Comparison of my ideas with those of William Zinsser
Upon reading William Zinsser’s article titled “The right to fail”, I found myself being in agreement with most of his ideas on the topic about the standards of success in the modern era. As described by Zinsser, the society that we live in nowadays equates success with material possession. By most standards, to be successful you must be driving a fancy car, have lots of money, dress in the latest and most expensive attires and have people following you around and hanging on every word you say. Just like, Zinsser I think society is missing the points in regards to setting the right standards to measure success.
In his article, Zinsser is of the opinion that the word “dropout” is applied wrongly by society especially in regards to addressing teenagers or young adults who fail to complete college or tertiary education. As a matter of fact, Zinsser thinks that when youngsters drop out of school they could be as well as “dropping in” on other important lessons in life. I agree with him that success does not have to be restricted to the same beaten path of going to school, getting a job and amassing wealth. There are other measures of success key among them being the impact a person has on others and society in general. Apart from gaining wealth, there are other ways of being successful such as serving the community at different levels.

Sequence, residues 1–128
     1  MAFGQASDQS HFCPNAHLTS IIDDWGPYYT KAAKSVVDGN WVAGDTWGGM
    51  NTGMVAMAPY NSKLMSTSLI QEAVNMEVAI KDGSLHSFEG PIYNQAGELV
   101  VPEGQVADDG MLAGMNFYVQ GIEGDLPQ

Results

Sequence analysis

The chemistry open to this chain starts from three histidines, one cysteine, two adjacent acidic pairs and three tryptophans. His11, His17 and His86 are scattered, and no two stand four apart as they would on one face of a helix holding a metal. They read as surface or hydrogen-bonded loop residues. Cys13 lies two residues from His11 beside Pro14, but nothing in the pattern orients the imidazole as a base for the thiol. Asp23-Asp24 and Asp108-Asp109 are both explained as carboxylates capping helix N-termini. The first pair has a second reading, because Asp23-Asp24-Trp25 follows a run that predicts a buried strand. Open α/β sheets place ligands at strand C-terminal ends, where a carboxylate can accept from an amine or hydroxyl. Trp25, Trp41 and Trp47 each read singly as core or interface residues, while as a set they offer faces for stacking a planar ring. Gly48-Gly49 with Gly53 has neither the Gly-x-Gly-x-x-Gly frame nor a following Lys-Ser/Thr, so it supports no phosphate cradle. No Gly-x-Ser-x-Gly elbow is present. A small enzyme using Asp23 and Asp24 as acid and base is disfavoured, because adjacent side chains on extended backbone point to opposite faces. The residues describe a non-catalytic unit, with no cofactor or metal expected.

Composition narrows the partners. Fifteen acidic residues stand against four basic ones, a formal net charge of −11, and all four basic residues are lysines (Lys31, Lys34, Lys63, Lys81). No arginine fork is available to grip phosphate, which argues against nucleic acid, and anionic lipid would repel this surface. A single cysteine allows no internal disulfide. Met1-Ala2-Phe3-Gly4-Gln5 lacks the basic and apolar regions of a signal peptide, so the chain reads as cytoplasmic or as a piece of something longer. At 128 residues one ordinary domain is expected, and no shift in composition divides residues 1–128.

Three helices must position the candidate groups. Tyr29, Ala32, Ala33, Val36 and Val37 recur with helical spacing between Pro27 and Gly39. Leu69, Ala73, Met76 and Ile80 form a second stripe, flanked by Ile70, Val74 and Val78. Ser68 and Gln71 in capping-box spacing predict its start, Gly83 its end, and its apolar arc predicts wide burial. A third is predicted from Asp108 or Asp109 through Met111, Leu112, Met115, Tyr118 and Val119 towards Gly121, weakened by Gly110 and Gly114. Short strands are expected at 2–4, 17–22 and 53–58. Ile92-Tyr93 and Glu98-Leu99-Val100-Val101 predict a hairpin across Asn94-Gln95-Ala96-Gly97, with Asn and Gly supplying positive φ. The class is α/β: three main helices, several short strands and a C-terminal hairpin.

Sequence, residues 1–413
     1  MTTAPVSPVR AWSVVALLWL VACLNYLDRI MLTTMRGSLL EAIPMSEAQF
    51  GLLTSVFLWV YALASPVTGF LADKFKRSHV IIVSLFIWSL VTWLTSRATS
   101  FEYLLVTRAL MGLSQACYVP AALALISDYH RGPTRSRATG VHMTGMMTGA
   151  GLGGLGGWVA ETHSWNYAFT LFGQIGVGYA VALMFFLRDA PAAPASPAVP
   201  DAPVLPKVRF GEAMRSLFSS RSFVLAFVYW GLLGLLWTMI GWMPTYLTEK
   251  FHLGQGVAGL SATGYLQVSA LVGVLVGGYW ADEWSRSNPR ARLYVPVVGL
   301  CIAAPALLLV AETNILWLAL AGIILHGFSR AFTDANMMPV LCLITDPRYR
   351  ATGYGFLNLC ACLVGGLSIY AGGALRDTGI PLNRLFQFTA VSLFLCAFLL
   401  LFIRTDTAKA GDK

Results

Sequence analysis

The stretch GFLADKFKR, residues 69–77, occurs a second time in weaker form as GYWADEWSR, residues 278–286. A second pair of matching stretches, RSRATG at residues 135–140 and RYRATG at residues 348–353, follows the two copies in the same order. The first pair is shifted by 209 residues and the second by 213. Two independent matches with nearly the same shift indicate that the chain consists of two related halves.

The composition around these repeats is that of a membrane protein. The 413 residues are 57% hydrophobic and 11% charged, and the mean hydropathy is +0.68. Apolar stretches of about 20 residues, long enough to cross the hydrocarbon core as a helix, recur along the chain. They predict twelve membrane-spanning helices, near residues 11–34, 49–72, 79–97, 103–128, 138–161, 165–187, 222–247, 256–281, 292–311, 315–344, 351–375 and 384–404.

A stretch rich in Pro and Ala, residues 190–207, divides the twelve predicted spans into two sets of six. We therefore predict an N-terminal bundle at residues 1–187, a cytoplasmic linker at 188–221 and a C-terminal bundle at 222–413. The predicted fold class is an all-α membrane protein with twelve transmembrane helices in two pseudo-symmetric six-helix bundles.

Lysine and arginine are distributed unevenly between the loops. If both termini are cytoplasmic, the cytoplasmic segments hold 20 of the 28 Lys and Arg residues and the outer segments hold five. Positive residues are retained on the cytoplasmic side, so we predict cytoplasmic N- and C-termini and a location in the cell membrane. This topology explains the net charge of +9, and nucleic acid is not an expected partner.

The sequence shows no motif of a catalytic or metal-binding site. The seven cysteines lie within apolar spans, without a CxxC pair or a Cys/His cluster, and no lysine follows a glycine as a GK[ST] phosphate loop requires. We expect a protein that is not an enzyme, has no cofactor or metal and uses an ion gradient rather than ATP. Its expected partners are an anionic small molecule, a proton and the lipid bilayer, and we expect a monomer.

Zinsser’s argument is that although someone may fail to complete school as a teenager, there are other ways of learning and excelling in life. He observes that even if teenagers who fail to find their footing without going through the ropes of formal education, do not lose much as for them there is still plenty of time to learn and make up for past mistakes or lost opportunities. As a matter of fact, Zinsser is the opinion that the term “drop out” better applies to adults who fail to launch in their careers or other important aspects of life. I agree that sometimes dropping out of school does not necessarily spell doom for an individual since there are many ways to excel in life even without formal education.
As discussed in the article individuals who drop out of college and seek new ways of finding themselves find if therapeutic to search for the meaning of life and to find themselves in other ways apart from sticking to the path of education as the key to success. Zinsser goes ahead to give a few examples who left school and tried new things which eventually brought them more success than they would have ever attained by remaining in school. Unfortunately, according to Zinsser society still sets the standards for success thereby downplaying the exploits of such individuals. According to my understanding, it is highly advisable for an individual to search for the meaning of their lives even if it means taking the less beaten path.
In conclusion, Zinsser observes that nobody has the ultimate answer on which is the best way to achieve success. It is therefore imperative that individuals chart their own paths to success as the end always justifies the course taken. I totally agree with him that individuals should strive to set their own standards of success and then map out the ways to achieve their identified level of success. This is the only way true happiness and self-actualization can be achieved for a better future for the whole world in general.